The Guy Fawkes-masked hacktivist group called Anonymous has threatened to strike the oil and gas industry with a cyber attack June 20, citing among its reasons displeasure with how oil is priced in US dollars.

Telling oil companies to “expect us,” the group announced in a video that it would target the US, Canada, England, Israel, China, Italy, France, Germany, Russia, and the governments of Saudi Arabia, Kuwait, and Qatar. However, details on Operation Petrol and what technological harm would be inflicted were not revealed. That, experts say, is typical of the group.

“But based on previous attacks this could mean anything from releasing sensitive information that private companies or publicly traded companies have,” said Justin Seitz, a security researcher with Immunity Inc., a cyber security firm. “This could be related to anything from the Keystone XL pipeline to private conversations between producers. This could also go all the way up to full-blown attacks where they could be knocking some of these services or their websites offline or potentially compromising these organizations.”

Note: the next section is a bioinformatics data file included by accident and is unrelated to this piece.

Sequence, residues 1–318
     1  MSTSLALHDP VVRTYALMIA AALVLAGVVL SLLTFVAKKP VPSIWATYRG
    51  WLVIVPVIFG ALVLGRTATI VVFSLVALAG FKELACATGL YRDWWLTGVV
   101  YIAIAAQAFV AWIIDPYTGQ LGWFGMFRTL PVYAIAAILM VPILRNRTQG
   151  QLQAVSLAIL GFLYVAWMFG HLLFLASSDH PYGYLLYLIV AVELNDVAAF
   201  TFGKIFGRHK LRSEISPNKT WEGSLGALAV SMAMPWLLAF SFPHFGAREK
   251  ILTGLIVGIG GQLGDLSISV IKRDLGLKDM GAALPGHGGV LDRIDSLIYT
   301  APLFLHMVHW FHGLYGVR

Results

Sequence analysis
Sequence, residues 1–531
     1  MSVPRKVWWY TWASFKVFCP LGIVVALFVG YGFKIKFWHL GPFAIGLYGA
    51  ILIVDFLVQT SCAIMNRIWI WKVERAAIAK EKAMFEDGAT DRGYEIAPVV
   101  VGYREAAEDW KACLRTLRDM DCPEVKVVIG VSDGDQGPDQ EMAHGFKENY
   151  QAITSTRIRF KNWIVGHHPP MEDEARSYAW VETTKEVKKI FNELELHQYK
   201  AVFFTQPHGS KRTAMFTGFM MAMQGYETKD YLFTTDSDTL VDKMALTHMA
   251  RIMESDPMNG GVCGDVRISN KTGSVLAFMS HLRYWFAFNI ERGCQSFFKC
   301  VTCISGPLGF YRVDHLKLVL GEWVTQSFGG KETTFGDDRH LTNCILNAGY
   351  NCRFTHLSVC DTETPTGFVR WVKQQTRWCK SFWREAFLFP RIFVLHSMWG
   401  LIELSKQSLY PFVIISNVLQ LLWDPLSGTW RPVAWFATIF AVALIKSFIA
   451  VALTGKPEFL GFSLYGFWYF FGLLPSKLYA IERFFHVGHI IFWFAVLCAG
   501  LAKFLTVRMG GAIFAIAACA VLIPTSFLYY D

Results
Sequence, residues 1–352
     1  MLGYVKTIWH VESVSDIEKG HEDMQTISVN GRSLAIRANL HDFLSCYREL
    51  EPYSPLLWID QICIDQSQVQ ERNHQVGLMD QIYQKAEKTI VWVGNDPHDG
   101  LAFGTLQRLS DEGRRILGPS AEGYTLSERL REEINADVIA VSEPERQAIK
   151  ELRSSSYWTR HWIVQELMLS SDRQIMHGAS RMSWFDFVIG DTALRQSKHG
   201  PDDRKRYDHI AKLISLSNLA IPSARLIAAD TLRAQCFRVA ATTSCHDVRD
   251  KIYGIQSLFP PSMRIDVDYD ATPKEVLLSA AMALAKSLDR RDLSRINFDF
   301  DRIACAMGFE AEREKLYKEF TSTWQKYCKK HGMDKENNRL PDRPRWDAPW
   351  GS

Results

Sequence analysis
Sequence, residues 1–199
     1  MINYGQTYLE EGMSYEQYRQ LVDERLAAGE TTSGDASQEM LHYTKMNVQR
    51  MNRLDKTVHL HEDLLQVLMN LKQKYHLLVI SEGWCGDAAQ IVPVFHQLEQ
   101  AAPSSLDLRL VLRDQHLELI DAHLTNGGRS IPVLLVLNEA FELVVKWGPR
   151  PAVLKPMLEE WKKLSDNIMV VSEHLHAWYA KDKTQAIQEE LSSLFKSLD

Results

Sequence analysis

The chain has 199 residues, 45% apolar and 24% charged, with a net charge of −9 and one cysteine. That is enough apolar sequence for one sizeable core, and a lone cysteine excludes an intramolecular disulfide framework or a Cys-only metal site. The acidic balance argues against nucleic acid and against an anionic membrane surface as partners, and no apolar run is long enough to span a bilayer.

The Aug. 15, 2012, attack on Saudi Aramco illustrates the ability of hackers to infiltrate systems. In this cyber attack a virus was launched that affected 30,000 workstations. Saudi Aramco CEO Khalid A. Al-Falih said in a news release that its precautionary procedures helped mitigate the cyber threats from spiraling. Normal operations resumed 10 days after the attack, following the Eid holidays.

Saudi Aramco officials have said the attack was aimed at the kingdom’s economy with the objective – which failed – being to stop oil flow to local and international markets.

Saudi Arabia was singled out again in the latest Anonymous threat.